On Monday, Feb. 14, 2010, US President Barack Obama will submit his 2012 budget—which will include a funding request for the National Institutes of Health (NIH)—to Congress. Scientists who depend on federal funding of their research projects and laboratories are hoping for some good news.
And they have a good reason to be hopeful. Last month, President Obama emphasized a need for increased investment in science and innovation in his second State of the Union address.
“Two years ago, I said that we needed to reach a level of research and development we haven't seen since the height of the Space Race,” said President Obama in the address. “We'll invest in biomedical research, information technology, and especially clean energy technology.”
But in a time when money is short and political debate often leads to gridlock in a divided Congress, the president will likely meet some resistance to increasing budgets for science agencies.
Woolley is hopeful that President Obama will make good on the pledges he made during the State of the Union. “If his budget reflects his message, there will be increases for science and science agencies,” she said.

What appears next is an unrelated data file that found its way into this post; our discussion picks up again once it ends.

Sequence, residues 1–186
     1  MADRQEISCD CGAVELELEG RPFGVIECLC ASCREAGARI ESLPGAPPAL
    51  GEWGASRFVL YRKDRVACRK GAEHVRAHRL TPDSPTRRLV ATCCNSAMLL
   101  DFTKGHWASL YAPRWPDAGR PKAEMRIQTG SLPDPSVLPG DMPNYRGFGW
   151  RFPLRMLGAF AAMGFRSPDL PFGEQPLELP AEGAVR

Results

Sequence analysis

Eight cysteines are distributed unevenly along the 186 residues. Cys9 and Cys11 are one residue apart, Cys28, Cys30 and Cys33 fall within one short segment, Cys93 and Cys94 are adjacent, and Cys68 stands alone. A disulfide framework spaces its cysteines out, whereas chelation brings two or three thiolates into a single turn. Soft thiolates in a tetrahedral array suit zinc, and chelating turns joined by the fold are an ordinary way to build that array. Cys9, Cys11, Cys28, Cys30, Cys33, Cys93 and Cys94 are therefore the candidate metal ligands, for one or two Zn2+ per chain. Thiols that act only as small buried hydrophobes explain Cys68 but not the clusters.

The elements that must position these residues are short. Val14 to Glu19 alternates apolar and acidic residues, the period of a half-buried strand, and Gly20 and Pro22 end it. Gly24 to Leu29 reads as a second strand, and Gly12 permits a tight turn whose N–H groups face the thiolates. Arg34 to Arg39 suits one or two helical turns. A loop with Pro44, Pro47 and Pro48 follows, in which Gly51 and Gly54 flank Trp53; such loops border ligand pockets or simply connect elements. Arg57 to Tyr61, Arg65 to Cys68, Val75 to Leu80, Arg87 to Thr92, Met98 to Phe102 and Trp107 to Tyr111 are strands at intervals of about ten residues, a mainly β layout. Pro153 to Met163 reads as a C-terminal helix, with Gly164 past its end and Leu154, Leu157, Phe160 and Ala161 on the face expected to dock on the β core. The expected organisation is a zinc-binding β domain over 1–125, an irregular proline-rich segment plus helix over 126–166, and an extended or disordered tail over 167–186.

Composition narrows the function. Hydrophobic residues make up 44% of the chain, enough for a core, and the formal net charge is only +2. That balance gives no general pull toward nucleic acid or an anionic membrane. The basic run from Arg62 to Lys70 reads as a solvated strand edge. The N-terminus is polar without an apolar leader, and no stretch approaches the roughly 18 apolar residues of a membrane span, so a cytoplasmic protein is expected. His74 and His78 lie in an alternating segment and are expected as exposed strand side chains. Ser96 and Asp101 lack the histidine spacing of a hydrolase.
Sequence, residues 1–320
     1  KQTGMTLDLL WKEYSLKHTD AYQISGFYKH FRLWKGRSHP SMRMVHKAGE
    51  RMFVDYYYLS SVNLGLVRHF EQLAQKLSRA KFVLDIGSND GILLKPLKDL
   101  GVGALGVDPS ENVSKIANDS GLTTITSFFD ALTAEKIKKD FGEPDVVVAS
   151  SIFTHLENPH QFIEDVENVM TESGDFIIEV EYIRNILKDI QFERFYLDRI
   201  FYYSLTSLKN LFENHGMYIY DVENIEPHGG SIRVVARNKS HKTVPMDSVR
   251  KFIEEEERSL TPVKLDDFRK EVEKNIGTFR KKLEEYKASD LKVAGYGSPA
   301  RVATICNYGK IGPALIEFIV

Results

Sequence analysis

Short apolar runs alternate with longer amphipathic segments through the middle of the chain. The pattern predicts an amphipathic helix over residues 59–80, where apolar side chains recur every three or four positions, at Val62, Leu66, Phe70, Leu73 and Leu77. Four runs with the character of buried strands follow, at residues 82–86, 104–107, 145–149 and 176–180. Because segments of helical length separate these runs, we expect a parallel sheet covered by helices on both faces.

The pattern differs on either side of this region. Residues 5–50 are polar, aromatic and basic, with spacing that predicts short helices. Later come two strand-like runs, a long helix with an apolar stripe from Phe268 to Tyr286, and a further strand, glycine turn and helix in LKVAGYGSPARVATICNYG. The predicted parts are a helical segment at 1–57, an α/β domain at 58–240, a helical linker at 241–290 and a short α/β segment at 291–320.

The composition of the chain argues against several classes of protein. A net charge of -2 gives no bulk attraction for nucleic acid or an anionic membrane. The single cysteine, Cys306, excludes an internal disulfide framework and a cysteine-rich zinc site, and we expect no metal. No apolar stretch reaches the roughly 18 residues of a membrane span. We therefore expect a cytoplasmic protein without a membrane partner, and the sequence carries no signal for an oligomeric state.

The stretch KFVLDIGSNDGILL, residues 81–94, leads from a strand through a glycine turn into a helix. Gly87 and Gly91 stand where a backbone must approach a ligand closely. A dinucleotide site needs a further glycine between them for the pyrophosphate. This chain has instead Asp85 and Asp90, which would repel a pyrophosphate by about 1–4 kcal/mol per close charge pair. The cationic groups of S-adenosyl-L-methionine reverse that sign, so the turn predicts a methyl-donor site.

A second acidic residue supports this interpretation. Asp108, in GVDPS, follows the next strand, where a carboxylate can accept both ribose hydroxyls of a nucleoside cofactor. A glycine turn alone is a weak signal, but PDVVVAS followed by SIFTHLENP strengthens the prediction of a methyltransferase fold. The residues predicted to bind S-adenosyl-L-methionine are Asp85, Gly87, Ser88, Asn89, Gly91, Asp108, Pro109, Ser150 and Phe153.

Even if President Obama’s proposed budget includes increased funding for environmental programs, research, technology, education, and transportation research, these increases will have to get past Congress. The Republican-controlled House of Representatives will likely seek to cut any nonsecurity discretionary spending in the 2012 budget.
In his 2011 budget request, President Obama allocated $32.9 billion for the NIH, a $1 billion increase from the NIH’s $31.9 billion allocated in 2010. Congress is still debating the 2011 budget. Last week, the House of Representatives’ Appropriations Committee announced legislation that would cut $58 billion from President Obama’s request for non-security discretionary spending.
Government money would especially benefit researchers who focus on basic science, research that advances scientific knowledge even though it may not provide immediate applications or benefits. These researchers rarely receive private support and rely on public funding to carry out their work.
Woolley believes that federal investment in research will hasten progress toward personalized medicine as well. Using data and technology generated from the federally funded Human Genome Project, patients with common conditions like high blood pressure or cholesterol could be treated with personalized therapeutics based on their genetic profile. “We can get away from a one-size-fits-all style of medicine,” said Woolley.